Android Unit Test nomenclature

In this blog post, I will introduce you to the first testing pattern we’ve adopted in our Android app at Gousto: unit test naming conventions.

Try Gousto on Android

Our architecture is divided into 3 layers: Presentation, Domain and Data.

  • Data: holds any sort of processing and mapping of raw data coming from any internal sources (shared preferences, Database) and external sources (Gousto API)
  • Domain: the business logic divided into use cases
  • Presentation: the UI (activities, fragment, views) and UI scenarios logic (presenters)

Our unit tests are covering the entirety of the Data, Domain and presentation layers. The UI itself is covered using the automated testing framework Espresso.

With such an architecture and so many components, we needed first to have the ability to write unit tests covering any kind of regression (our approach to testing), we then use common testing patterns to give us high level of confidence in the code we produce

The first pattern we’ve started to follow is unit test naming conventions.

There are only two hard things in Computer Science: cache invalidation and naming things.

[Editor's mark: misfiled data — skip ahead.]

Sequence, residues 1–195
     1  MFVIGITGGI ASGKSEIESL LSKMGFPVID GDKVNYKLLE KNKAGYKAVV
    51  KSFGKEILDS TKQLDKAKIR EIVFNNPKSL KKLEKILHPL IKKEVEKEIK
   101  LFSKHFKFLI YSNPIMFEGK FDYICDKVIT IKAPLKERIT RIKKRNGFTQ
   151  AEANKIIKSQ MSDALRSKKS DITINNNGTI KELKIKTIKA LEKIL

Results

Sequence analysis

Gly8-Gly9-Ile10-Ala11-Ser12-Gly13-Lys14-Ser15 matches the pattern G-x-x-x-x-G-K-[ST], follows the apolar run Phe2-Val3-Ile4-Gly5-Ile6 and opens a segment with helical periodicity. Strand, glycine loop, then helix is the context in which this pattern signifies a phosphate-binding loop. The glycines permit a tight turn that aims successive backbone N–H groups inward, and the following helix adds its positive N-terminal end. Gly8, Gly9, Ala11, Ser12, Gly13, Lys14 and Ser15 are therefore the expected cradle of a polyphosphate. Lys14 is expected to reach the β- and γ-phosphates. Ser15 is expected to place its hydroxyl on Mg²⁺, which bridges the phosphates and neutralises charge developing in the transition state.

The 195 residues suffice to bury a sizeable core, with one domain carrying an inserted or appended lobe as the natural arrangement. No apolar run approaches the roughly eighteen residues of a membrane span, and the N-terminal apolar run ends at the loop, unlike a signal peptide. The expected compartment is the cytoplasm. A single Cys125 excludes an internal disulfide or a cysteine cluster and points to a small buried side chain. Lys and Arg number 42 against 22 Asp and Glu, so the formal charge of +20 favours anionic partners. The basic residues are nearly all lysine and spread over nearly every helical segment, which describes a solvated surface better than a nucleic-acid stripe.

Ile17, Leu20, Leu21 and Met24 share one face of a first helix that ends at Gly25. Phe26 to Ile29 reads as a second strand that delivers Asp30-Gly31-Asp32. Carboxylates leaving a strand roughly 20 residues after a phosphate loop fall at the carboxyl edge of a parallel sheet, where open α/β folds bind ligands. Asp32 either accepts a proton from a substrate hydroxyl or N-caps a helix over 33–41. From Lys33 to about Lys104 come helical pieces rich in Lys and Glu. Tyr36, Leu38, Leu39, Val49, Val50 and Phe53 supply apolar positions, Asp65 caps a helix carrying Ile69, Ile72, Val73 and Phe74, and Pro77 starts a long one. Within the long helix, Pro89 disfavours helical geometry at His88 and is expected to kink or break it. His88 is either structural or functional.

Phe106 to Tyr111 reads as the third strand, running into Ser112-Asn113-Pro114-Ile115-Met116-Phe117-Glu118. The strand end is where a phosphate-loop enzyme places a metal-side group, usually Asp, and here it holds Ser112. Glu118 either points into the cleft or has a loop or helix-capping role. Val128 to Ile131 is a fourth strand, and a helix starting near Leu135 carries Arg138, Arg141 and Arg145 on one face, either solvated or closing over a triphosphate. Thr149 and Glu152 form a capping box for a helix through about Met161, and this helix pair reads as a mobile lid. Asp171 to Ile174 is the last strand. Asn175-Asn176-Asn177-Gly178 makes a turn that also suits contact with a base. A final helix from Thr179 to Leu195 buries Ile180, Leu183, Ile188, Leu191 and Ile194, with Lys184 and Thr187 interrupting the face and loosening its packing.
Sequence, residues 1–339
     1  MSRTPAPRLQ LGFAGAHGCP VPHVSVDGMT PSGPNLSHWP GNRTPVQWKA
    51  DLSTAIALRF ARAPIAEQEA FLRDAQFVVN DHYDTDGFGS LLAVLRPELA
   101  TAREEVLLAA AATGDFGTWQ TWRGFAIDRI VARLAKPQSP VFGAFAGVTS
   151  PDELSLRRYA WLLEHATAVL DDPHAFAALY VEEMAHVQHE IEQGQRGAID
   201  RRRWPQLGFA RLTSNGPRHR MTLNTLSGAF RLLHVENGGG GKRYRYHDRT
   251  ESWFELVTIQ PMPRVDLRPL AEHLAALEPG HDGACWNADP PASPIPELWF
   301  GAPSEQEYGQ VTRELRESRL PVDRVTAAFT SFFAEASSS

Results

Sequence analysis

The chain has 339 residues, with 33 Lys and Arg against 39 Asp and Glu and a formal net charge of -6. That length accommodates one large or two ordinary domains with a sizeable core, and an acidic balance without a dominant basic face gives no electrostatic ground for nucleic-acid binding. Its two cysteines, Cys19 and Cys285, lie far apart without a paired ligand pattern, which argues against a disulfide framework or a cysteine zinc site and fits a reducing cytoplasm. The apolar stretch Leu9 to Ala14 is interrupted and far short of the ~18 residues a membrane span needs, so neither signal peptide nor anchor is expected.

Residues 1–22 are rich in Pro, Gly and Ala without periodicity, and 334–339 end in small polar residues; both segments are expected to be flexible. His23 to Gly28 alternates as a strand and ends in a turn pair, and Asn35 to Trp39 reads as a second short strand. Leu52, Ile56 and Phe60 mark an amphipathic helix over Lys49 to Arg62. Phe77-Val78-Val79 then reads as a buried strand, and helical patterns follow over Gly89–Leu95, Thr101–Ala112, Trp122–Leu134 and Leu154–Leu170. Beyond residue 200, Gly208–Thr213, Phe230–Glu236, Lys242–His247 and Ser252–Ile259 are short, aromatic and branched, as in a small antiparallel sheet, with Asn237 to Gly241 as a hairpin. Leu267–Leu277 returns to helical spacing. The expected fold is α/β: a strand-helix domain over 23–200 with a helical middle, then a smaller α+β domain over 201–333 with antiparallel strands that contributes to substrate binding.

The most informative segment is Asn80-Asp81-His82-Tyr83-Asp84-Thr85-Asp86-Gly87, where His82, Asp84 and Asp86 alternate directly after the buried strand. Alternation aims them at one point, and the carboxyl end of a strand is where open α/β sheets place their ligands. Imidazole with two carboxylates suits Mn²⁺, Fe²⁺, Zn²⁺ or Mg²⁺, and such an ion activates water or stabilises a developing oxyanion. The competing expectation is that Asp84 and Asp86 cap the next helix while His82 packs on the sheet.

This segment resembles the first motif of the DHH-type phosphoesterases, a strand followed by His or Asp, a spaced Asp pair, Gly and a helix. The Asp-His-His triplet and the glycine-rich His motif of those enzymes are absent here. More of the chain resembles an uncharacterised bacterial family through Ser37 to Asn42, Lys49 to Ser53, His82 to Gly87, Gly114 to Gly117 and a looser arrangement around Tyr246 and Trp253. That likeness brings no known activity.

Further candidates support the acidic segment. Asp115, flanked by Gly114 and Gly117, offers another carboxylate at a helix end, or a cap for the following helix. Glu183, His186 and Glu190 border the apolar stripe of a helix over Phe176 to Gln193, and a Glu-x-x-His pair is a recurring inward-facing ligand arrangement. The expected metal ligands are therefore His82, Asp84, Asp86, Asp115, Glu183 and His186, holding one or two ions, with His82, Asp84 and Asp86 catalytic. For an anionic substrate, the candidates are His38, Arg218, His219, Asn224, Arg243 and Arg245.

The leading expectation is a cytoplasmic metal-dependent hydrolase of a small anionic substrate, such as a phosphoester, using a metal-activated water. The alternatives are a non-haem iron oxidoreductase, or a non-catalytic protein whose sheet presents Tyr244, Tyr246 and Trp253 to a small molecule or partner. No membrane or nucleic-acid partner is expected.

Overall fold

— Phil Karlton

Naming things becomes very easy when you start to describe their behaviour.

Naming Conventions

In the Android team, we write our regular unit tests using the following naming convention:


This behaviour oriented approach is very close to human language, which makes it easier to understand a failing test.

Also, describing unit tests by behaviour creates a natural documentation of our app and its expected behaviour in specific conditions. It’s therefore very helpful for new joiners or as a reminder.

Programs are meant to be read by humans and only incidentally for computers to execute.
— Donald Knuth

Here are some examples:


Note: The state under test is not always required if the test is clear enough without it

Network Requests

We have a different naming convention when testing our network requests. They are covered by strict regression tests and the APIs have a clear pattern:




Going Further

Kotlin introduced backtick quotes which allows us to write a method name with the same structure as a human language sentence, as long as the `name is escaped with quotes`.

This new feature would allow us to write testing methods even closer to human language. The method would instead literally describe the test.

Instead of this:


We would’ve this:

`Create a new wine bottle in the user basket when he is above the legal age limit`()

However this approach doesn’t work when running UI tests with AndroidJUnit. Backtick quotes work fine on their own, but as soon as an exotic character such as a space comes in, the compilation dramatically fails.

The recipe for a good testing naming convention:

  • The closer to human language it is, the more maintainable and self-documented the code will be
  • Network request tests should use an explicit naming scheme
  • Kotlin’s backtick quotes can potentially make the tests even more human friendly (with a few small restrictions)
Try Gousto on Android